The G8, is made up of the seven most powerful economies of the world, (United States, Japan, Germany, France, UK, Canada, Italy) and Russia. Together they form a very powerful and influential (though informal) group of nations. For example, they accounting for almost 50% of the votes at the IMF and World Bank. At their annual summits they attract a lot of criticism, increasingly now in the mainstream, for failing the world’s poor. This section introduces the G8 with an overview of recent summits and their outcomes.
The 2007 Summit has gained some media attention in its buildup, but issues around climate change, similar to the efforts seen in 2005 to water down draft texts, have surfaced again. Protesters are gathering, and while mostly peaceful a handful have clashed with police. Issues such as the excessive farm subsidies of the rich nations seem less likely to get discussed, even though it is crucial for many poor countries.
One year on from the G8 Summit of 2005 that seemed to promise so much, what has been the status? It seems that some progress was certainly made. For example, significant debt cancellation has allowed some countries to offer enhanced or even free health services to all. Yet, there are still many concerns. The fancy accounting and spin used by some countries to paint a positive picture or give the impression that more assistance has been delivered than what actually has risks discrediting the process, impacting the poor once more. This short article explores some of these concerns.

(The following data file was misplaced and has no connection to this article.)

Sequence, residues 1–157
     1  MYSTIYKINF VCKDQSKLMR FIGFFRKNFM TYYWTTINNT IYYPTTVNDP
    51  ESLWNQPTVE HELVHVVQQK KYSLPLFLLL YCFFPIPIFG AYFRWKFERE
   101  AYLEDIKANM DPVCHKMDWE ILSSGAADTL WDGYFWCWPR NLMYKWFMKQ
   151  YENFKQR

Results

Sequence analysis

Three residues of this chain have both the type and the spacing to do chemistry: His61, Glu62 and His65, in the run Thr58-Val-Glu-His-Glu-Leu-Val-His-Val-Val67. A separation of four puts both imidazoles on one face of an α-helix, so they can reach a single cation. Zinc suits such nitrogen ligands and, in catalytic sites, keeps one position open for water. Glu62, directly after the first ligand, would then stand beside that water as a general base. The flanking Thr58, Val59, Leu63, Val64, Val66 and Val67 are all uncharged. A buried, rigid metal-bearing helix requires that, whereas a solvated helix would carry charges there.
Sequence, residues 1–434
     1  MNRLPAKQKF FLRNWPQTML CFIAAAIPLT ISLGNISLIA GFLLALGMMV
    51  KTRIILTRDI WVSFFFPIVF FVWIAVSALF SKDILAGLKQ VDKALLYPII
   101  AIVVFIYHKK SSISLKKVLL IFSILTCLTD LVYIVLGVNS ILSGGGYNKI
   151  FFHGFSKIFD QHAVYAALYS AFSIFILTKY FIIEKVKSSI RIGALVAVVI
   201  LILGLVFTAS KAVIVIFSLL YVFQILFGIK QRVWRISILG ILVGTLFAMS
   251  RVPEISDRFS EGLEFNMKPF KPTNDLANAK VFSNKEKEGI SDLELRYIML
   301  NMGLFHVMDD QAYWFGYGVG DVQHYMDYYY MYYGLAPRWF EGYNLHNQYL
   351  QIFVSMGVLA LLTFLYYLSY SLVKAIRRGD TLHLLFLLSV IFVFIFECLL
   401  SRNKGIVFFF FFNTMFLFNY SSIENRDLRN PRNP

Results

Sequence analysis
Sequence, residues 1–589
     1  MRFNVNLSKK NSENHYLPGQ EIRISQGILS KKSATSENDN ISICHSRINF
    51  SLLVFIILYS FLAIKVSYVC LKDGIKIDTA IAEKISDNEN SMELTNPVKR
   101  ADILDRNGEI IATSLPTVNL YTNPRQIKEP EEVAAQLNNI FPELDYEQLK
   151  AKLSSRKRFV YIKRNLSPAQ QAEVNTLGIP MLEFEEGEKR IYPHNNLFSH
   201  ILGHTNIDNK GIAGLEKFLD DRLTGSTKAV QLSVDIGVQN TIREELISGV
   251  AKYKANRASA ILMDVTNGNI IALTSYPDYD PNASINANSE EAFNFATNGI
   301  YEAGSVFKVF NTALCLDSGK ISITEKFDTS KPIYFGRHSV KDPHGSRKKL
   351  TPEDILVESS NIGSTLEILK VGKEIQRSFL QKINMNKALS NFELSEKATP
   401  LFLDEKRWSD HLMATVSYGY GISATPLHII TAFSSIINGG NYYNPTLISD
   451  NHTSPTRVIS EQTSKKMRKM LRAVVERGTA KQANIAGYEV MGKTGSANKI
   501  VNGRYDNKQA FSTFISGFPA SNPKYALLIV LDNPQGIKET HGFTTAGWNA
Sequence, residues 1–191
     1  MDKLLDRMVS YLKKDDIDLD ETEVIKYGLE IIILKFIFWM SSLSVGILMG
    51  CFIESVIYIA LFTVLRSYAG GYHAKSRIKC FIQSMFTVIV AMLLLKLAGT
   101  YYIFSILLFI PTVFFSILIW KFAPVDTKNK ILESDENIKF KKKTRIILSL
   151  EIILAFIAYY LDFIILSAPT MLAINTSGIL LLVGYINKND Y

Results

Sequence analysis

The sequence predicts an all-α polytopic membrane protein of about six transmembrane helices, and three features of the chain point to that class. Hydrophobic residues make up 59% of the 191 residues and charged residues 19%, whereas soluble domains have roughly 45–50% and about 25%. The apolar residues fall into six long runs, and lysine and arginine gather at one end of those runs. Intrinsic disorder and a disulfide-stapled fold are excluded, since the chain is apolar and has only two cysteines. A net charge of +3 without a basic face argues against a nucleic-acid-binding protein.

The G8 Summit in July 2005 looked to be historic because of promised debt relief for some poor countries in Africa as well as action on climate change. But behind the media and government spin, was this really the case? Climate change was also under discussion, but leaked drafts revealed an extremely watered down text suggesting limited or no responsibility on rich countries to take leadership, and even questions around the science of climate change.